Approximately 500 closely spaced pelagic sediment samples, representing the latest Miocene, middle Miocene, Oligocene/Miocene boundary, and mid-Oligocene, were obtained from two sites on the Ceara Rise. Inductively coupled plasma emission spectroscopy was used to measure the concentrations of Al, Ca, P, K, Si, Ti, Ba, V, and Cu. Normalization by Al was used to allow for variable carbonate dilution of the siliciclastic components. For comparison, Holocene hemipelagic silty clay samples from the Amazon Fan were also analyzed. The elemental ratios were used to infer varying sediment compositions and surface productivity.
On average, K/Al and Ti/Al values are similar in the latest Miocene to Holocene values, but are lower in all the older samples. This reflects the switch from kaolinite to illite-dominated clay minerals in the late Miocene, during the growth of the Amazon Fan. Average Ba/Al, P/Al, and Si/Al values from the mid-Oligocene and Oligocene/Miocene boundary samples are higher than those of the middle Miocene to Holocene samples. The higher ratios suggest phases of relatively high surface productivity, which at least partly accounts for the occurrence of biosiliceous plankton microfossils in these intervals.
In the mid-Oligocene and Oligocene/Miocene boundary samples, variations in Ba/Al, P/Al, and Si/Al are correlated, suggesting variable productivity over short time periods. Maximum productivity occurred during times of maximum burial/preservation of calcium carbonate. Spectral analysis reveals statistically significant regular cyclicity in all of these parameters from these intervals. The cyclicity is associated with the 40,000-yr obliquity orbital-climatic cycles. The dominance of this cyclicity, and lack of evidence for 20,000-yr cycles, suggests that short-term variations in productivity were driven by high-latitude climatic processes perhaps acting through bottom-water production.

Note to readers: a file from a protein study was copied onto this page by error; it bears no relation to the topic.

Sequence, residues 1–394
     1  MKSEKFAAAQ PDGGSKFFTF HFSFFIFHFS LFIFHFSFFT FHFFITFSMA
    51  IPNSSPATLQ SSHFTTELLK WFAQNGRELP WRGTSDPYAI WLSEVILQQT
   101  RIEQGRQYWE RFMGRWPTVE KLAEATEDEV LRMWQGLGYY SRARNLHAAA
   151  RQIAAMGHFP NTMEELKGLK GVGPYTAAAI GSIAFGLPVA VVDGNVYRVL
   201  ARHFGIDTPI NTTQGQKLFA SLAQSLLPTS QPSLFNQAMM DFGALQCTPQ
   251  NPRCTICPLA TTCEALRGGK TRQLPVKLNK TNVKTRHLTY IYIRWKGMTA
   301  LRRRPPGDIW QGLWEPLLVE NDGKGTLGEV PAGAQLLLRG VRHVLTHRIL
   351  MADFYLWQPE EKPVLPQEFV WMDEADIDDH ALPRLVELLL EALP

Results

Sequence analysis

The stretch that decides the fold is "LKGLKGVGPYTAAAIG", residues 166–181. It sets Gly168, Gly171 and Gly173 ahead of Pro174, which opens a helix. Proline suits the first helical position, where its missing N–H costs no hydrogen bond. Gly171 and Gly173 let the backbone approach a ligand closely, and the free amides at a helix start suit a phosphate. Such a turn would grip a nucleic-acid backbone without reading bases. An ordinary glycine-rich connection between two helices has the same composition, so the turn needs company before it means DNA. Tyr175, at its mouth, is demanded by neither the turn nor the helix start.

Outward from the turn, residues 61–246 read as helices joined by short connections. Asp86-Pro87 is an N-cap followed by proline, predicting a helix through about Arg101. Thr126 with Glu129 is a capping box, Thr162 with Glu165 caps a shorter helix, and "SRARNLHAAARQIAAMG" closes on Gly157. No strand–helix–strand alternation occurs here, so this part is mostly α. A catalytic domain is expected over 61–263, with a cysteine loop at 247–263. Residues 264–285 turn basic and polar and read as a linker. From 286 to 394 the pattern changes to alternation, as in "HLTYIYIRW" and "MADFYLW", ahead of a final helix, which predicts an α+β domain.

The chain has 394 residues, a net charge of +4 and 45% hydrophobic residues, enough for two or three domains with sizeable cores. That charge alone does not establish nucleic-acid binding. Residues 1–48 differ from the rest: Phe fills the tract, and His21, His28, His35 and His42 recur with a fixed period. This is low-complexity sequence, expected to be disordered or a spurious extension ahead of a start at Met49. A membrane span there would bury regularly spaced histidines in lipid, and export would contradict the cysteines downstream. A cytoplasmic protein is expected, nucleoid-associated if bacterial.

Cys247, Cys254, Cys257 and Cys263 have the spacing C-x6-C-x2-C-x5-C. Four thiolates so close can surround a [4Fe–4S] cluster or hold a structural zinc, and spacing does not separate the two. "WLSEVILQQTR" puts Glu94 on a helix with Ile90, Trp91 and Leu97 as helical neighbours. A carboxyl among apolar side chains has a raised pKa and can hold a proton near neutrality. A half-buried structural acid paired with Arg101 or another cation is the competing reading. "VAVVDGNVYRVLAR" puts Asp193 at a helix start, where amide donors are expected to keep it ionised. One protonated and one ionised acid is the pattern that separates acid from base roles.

1Shackleton, N.J., Curry, W.B., Richter, C., and Bralower, T.J. (Eds.), 1997. Proc. ODP, Sci. Results, 154: College Station, TX (Ocean Drilling Program).
2Department of Geology, University of Luton, Park Square, Luton, Bedfordshire LU1 3JU, United Kingdom. email@example.com
3Godwin Laboratory, Department of Earth Sciences, University of Cambridge, Free School Lane, Cambridge, Cambridgeshire, United Kingdom.